Final assembly of Boeing’s latest Dreamliner series of airplanes will take place exclusively in North Charleston, S.C.
Currently, design of the 787-10 is underway in Everett, Wash., with final assembly of the airplane scheduled for 2017 in the Palmetto State.
The aircraft manufacturer will continue to assemble both 787-8s and 787-9s in Everett, Wash., and North Charleston.
After considering a variety of options, Boeing found the most efficient and effective solution was to build the 787-10 at Boeing South Carolina, said Larry Loftis, vice president and general manager of the 787 program for Boeing Commercial Airplanes.
Production of the 787 will now take place in both North Charleston and Everett to increase production rates, he said. “We’re happy with our growth and success in South Carolina, and the continued success at both sites gives us confidence in our plan going forward.”
The 787-10 will leverage 787 technology to provide more passenger and cargo capacity. Since its launch in June 2013, the 787-10 has won 132 orders from six global customers.
Gov. Nikki Haley said Boeing’s announcement is huge for the Palmetto State.
The company’s decision to commit to the Dreamliner’s future in South Carolina is a testament to its workers, she said. “South Carolina workers are the best around.”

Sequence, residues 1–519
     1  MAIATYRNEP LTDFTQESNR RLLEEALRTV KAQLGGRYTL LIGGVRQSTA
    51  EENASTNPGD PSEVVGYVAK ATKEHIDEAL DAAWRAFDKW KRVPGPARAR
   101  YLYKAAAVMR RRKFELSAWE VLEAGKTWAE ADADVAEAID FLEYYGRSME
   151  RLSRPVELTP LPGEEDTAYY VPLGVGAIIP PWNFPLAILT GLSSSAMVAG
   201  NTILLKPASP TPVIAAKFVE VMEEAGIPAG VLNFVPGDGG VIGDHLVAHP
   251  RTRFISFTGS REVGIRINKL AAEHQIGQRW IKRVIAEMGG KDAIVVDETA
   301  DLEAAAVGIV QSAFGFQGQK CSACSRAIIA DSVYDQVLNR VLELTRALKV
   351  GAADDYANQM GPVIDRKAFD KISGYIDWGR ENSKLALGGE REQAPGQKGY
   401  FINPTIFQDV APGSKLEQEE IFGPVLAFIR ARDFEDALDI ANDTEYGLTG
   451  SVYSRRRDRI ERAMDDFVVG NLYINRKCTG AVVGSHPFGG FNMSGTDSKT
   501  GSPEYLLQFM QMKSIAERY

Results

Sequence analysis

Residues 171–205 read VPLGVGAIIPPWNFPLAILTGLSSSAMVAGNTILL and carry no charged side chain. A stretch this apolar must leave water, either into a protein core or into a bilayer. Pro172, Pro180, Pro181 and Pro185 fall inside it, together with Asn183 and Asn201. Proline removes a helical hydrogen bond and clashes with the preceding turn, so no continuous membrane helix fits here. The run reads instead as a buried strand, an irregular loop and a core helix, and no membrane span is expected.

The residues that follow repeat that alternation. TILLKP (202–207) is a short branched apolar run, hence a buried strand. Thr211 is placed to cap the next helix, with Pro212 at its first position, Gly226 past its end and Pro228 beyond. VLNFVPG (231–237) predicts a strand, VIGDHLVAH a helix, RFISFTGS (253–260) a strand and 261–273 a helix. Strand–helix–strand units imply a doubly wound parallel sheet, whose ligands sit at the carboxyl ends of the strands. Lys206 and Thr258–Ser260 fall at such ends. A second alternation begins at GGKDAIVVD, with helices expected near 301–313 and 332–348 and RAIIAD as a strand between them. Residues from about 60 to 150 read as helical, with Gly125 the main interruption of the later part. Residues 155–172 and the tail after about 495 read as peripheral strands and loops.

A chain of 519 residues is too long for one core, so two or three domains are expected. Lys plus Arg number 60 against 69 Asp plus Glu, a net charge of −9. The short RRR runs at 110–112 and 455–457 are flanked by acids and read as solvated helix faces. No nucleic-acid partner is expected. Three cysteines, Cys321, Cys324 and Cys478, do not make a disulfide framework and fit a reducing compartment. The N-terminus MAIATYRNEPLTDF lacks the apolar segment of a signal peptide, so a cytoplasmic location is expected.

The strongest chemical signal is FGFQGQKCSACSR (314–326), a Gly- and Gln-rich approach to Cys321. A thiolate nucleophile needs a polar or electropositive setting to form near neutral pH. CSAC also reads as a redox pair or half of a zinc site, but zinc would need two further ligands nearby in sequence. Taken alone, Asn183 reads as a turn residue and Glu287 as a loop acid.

The Everett facility will continue to assemble seven airplanes per month, while Boeing South Carolina final assembly will gradually increase from three 787s per month today to five per month in 2016 and seven per month by the end of the decade.
The news out of North Charleston is a sign of things to come, said Jason Premo, CEO of Adex Machining Technologies.
South Carolina will eventually be the exclusive production center for one of the worlds most advanced modern commercial jets, one that is receiving strong customer demand and a backlog that continues to rise, he said.
The 787-10 will be 18 feet (5.5 meters) longer than the 787-9. With 10 feet (3 meters) of that increase in the midbody section, the 787-10 midbody is too long to be transported efficiently from North Charleston, where systems integration work is performed, to the Everett facility for final assembly. In addition, introducing the 787-10 in North Charleston takes advantage of that facility’s capacity while allowing the Everett facility to continue improving productivity as it focuses on the 787-8 and 787-9.
The 787 production system includes three production lines: two in Everett (including a temporary surge line) and one in South Carolina. The integrated production system currently operates at a production rate of 10 airplanes per month. As announced last year, the 787 production rate will increase to 12 airplanes per month in 2016 and 14 per month by the end of the decade.